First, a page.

The morphological changes caused by the flood were exceptional, with aggradation levels of over 10 m in places, the fluctuation of the riverbeds by several meters and erosion rates of up to 1,000 m3/ml. The fluvial style was completely altered, from single paved beds to braided beds over almost 35 km, with an active strip widening by a factor of 4 to 5, a phenomena rarely seen to such an extent. Sediment transport by scouring, which could be estimated by comparing DTMs (derived from lidar surveys), is itself extraordinary, with 6 M m3 of eroded material and 3.9 M m3 of deposited material in the upper Vésubie valley".
Avalanche Disaster of Blons 1954
A number of avalanches occurred in the Großes Walsertal (Austria) between January 10 and 12t, 1954. The trigger is considered to be the extreme and dry snowfall of more than 2 m within 24 hours under the influence of stormy, snow-carrying northwest winds. During these devastating avalanches, 177 people were buried in the valley, of which 80 people could no longer be rescued alive. In the community of Blons alone, a third of the houses were destroyed and a third of the mountain village's population, a total of 57 people, died. Emergency aid for Blons was provided via the first airlift in Austria's history. After the avalanche disasters in 1951, the immense personal injury and property damage in Blons led to the development and establishment of modern avalanche protection in Austria in 1954.
Danube floods 2013
The widespread and heavy rainfall between May 28 and June 5, 2013 caused a massive flood event along the river Danube and its many tributaries. The flood peak at the Korneuburg gauge was around 11,000 m3/s (mean discharge 1885 m3/s), which was even above the peak of the 2002 flood. In Upper Austria and Lower Austria, the mobile flood protection elements, that were built after the flood in 2002, were able to prove themselves for the first time and prevent major damage. In Vienna, the relief channel was flooded, which also prevented major damage. The 2013 flood clearly showed that measures such as technical protection devices, further development of forecasting systems, early warning or resettlement can reduce the extent of damage. For example, the damage in Marchland in 2013 was reduced to 1/20 with 25 million euros.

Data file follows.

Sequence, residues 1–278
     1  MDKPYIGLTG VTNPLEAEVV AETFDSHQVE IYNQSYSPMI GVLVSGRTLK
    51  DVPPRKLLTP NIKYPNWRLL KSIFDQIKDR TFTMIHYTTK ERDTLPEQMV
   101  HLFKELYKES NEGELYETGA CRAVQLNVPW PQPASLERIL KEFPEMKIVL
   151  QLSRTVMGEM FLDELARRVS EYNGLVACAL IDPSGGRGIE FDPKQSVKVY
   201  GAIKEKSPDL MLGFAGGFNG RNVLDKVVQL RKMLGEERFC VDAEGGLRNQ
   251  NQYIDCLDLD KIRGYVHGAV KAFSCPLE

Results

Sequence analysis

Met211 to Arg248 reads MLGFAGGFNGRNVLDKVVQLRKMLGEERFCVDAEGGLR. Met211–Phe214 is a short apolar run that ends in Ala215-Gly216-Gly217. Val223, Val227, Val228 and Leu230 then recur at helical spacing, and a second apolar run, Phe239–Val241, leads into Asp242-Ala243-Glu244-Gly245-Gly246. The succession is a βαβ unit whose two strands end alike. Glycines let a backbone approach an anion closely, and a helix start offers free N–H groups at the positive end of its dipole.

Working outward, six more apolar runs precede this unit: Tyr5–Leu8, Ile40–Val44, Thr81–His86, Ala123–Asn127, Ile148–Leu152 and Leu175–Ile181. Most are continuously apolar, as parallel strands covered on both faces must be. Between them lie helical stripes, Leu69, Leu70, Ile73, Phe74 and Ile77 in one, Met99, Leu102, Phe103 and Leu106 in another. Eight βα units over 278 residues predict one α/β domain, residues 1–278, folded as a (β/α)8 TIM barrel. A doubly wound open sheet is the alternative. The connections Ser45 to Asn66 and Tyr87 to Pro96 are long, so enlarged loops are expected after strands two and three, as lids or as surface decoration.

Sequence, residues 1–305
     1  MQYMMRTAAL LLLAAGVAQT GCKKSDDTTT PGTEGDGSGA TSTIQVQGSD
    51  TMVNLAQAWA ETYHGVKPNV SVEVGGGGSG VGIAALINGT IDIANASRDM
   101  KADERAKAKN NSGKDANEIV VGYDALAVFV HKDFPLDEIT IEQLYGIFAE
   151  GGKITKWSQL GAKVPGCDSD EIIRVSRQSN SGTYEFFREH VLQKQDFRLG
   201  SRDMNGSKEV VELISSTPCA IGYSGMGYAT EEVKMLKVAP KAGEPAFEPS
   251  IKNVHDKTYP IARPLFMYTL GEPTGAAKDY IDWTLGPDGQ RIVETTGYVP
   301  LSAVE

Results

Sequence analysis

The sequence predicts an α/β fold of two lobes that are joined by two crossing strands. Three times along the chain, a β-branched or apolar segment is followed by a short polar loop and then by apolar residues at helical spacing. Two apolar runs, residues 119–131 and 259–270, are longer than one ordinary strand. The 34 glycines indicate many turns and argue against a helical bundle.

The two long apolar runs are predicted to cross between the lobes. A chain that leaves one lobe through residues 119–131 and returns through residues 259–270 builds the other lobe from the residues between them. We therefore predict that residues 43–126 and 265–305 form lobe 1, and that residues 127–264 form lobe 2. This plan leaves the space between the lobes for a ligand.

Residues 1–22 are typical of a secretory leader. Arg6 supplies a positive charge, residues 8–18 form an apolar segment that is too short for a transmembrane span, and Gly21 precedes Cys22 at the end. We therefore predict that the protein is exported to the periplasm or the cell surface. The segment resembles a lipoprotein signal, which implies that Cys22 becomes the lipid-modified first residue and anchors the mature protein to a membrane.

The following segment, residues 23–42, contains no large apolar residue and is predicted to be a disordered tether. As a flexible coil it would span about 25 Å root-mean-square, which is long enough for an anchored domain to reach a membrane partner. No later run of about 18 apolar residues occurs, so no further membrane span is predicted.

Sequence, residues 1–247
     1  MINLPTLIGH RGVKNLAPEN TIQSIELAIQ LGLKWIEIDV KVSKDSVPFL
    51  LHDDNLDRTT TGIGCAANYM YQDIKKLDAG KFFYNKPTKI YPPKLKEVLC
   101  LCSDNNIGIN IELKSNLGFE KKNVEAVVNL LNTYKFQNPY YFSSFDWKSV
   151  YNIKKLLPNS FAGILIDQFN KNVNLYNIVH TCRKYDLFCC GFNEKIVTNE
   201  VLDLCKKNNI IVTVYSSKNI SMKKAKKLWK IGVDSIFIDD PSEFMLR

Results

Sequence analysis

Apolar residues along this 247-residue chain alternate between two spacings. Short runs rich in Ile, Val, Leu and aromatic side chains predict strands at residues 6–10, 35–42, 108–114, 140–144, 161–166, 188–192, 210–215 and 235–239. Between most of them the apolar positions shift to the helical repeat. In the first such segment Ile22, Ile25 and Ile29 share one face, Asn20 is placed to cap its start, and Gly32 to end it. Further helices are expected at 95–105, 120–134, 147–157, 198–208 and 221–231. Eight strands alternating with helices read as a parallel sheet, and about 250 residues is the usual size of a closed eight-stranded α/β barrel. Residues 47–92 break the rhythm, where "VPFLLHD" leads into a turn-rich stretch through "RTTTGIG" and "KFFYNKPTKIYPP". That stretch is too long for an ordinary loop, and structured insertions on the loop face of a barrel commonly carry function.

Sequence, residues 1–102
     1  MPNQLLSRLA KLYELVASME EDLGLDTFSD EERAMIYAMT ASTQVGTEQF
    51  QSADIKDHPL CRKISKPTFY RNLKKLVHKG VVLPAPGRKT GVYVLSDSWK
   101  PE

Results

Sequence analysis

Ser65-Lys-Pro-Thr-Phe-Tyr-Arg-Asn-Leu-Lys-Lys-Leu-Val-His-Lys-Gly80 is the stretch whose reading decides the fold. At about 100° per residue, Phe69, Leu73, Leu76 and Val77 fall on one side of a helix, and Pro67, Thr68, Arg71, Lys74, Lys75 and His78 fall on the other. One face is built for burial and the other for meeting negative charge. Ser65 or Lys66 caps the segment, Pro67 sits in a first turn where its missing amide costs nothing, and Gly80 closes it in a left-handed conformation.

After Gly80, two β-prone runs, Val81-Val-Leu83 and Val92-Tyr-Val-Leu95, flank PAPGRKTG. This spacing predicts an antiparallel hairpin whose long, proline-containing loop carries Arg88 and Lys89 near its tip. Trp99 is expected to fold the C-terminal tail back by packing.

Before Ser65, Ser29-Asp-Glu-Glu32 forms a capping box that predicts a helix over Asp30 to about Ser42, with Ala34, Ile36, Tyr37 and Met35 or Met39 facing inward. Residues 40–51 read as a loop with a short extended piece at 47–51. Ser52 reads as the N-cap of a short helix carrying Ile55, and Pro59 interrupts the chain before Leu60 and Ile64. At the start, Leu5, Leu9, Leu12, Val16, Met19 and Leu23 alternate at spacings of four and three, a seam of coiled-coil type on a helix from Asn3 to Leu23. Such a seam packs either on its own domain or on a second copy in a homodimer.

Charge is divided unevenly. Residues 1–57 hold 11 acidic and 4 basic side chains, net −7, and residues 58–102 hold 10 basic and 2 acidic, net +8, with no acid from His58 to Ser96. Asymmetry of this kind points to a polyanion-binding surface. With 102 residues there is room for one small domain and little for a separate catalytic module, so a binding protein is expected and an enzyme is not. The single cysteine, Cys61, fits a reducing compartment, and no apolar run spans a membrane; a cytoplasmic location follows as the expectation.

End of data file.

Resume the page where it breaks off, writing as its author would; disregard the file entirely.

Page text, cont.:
Cerbère forest fire 2023
The Cerbère area, located between the Pyrenees Mountains and the Mediterranean Sea, has been affected by 13 fires in the past. In the last 10 years, the slope below the summit peak has burnt 5 times. More recently, two successive fires have affected the Ribéral catchment area: a small one (10 ha) on July 31, 2021, which started across the border in Spain and a larger one (> 3 km²) on April 16, 2023. In April 2023, water stress conditions for vegetation were exceptional, equivalent to the average level expected for the end of a month of July, and above the record values observed to date (2008). These exceptional conditions followed the cumulative deficits of 2021 and 2022, and peaks in temperatures. On the day of the fire, the tramontane (a wind that blows from the mountains towards the sea) exceeded 100 km/h and twisting phenomena formed in the limits of the torrential watershed. The fire started near a large car park, close to the main road and the railway line, confirming the fact that fires are generally of human, rather than natural origin. After burning 700 ha in France, the fire moved down towards Spain, burning a further 170 ha before being contained after 7.00 pm.